Thursday, August 13, 2009

Zambia-Dar Es Salaam-Zanzibar

July 2009

Kami, Karen and Kaye, the three K’s, hit the road – destination exotic Zanzibar. Kami, PCV Namibia, was the brainchild of this trip as she had heard about the 2 day train ride through Zambia and Tanzania. After flying into Lusaka, Zambia and having a quick wink or two, we hopped a three hour bus ride to pick-up the train in Kapiri, Zambia.

The train didn’t quite match the “Orient Express” picture we had in our mind’s eye. It had bare bones sleeping accommodations and dining, and it seemed to have a driver who didn’t know how to ease the brakes as we were lurching and jerking throughout the entire two days. But we met some interesting travelers over the two days and one man, Cristian, became our escort and companion for several more days. He is an Argentinian attorney/project manager working for Medecins Sans Frontiers for several years with a current assignment in Zambia. The scenery through Zambia and Tanzania included low bushland, Baobob trees, and some large animals as we cruised through a Tanzanian game park.

Forty-eight hours later we arrived in Dar Es Salaam perched on the Indian Ocean. Tanzania has been a fantasy destination of mine since I was in college and studied its politics and socialist President Julius Nyrere. We had two days to roam the sprawling city, finding the indoor/outdoor markets, the Tingatinga painters and delicious international cuisine.

The next stop, Zanzibar, is traveled to by a speedy 2 hour boat. Most passengers get comfy seats, but a few of us late-comers get crammed into the breezy backside of the boat. Again, it is easy to meet people from all over the world who are taking a quick or extended vacation to the famous and exotic island. A description from a travel brochure says it well:
“Explorers, sultans, slave traders and merchants all chose Zanzibar as their strategic base, spurred by monsoon winds along trade routes, driven by imagined wealth and riches led by starry maps and religious conquest towards escape and discovery.
Zanzibar retains the imprint of its historic legacy in the tumbling streets of Stone Town, in the multi-cultural blend of African, Indian, and Arabic, and in the international goods in the bazaars and markets. Stone Town is a UNESCO World Heritage Site. Palaces, markets, aromatic spice bazaars, ornate cathedrals and an historic fort all entwine to charm one into the life of the town.”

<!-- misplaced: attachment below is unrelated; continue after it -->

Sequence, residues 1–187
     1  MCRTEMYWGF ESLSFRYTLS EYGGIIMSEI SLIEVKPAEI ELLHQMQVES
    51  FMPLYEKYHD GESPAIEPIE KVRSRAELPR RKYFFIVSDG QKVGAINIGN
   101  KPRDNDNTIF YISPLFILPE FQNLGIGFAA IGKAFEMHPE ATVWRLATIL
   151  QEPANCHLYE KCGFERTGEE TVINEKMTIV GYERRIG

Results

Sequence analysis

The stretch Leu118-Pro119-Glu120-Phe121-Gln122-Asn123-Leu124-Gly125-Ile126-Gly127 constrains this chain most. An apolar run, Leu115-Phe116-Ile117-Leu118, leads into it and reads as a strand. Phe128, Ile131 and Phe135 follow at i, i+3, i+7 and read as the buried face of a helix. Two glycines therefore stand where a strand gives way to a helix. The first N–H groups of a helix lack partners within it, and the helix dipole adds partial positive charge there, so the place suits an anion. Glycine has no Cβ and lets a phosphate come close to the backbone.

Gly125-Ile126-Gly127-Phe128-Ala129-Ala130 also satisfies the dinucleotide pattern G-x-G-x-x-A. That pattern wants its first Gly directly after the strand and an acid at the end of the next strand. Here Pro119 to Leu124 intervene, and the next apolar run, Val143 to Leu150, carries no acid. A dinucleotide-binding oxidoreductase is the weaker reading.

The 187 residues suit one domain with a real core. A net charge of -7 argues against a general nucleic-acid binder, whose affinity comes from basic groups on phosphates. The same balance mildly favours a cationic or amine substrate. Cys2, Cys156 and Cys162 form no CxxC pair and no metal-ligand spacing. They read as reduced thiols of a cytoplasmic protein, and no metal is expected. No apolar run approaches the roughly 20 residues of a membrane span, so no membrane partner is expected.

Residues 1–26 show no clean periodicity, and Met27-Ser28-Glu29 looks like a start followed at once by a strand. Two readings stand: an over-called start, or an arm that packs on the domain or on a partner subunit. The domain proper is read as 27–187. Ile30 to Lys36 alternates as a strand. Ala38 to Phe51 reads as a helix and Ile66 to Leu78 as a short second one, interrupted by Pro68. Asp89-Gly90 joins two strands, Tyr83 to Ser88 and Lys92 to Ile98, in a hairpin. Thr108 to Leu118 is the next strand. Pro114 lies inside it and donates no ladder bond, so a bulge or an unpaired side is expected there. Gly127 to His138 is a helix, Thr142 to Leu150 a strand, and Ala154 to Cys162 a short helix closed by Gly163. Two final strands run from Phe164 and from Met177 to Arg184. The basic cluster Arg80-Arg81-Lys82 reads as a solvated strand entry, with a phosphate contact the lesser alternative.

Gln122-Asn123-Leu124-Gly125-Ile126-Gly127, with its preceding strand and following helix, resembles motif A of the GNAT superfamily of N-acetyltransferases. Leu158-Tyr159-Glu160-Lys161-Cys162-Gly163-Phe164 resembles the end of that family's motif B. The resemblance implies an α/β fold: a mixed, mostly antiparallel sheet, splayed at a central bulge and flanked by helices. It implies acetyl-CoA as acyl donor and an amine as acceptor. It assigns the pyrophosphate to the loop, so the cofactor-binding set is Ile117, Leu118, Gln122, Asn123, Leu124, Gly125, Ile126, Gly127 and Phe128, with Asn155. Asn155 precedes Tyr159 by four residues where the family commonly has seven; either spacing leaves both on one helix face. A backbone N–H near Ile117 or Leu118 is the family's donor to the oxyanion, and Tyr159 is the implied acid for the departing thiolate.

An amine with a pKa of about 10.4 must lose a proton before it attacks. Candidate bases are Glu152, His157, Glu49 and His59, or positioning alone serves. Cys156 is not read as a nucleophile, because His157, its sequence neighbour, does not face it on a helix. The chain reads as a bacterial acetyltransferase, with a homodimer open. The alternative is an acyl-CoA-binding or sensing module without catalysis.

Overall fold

After three energetic and shop-filled days in Stone Town, we headed for the east side of the island famous for the idyllic white sand beaches. Matemwe Beach was the perfect spot. It had crystalline blue waters, fine white sand, spaciousness and quiet, palm trees and easy breezes. In spite of Zans reputation, there is still plenty of authentic life all around. The villagers still make their living from the sea, the women still harvest seaweed, the men still gather to watch the boat carver, and the children still frolic amongst the palms. We took a short excursion to a nearby island for some beautiful snorkeling and saw gorgeous fish. On another day we enjoyed a dolphin encounter having a group of 6 of them surround and swim along side of us, clearly curious and wanting to figure out what this squeaking human was all about. (I make dolphin noises while I am swimming to try to catch their attention – hey, it works!)

The tides are an integral part of the life and scenery of the beach. In low-tide the beach is filled with boats high and dry – each beautiful in its own unique posture and shadow. And the exposed sand bar defines the shallow “kiddy pool” (waist deep) the ocean becomes-except beware of the spiny sea urchins that thrive in this balmy water. At high tide, the boats are floating and anchored, now bobbing and tugging on their sturdy ropes. The deep sea fishermen make a run over the shallows in their little sailing dhows, and the thriving seaweed comes washing in for harvesting. The ancient relationship between sea, wind, moon and man is obvious and vibrant

Needless to say, we reluctantly packed ourselves back to Stone Town, back to Dar Es Salaam (on a windy, rock and rolley, sick-sacky kinda ride), and onto the plane to Johannesburg. After 2 weeks of heaven, the gods wanted to remind us that there is still a hell – this time in the form of a taxi from JoB to Lesotho. We first waited in the JoB taxi rank (which is notoriously sketchy) for 3.5 hours for our tattered, tacky and uncomfortable taxi to fill-up. We were on the highway for 2 hours when the bus literally blew-up –smoke filled the cab and we jumped out as fast as possible. We then sat in the dark, on the freeway, in the now winter-again-cold, waiting for a rescue. This took three more hours. Our rescue bus was another tacky, breezy, heatless van which we sat frozen in for another two hours. By then it was 10pm and the border was closed into Lesotho. so Karen and I insisted that we be dropped at the only hotel in the border town of Ficksburg. With electric blankets on full blast, we thawed and slept, arriving in Lesotho 18 hours late. All in all, a marvelously unforgettable trip.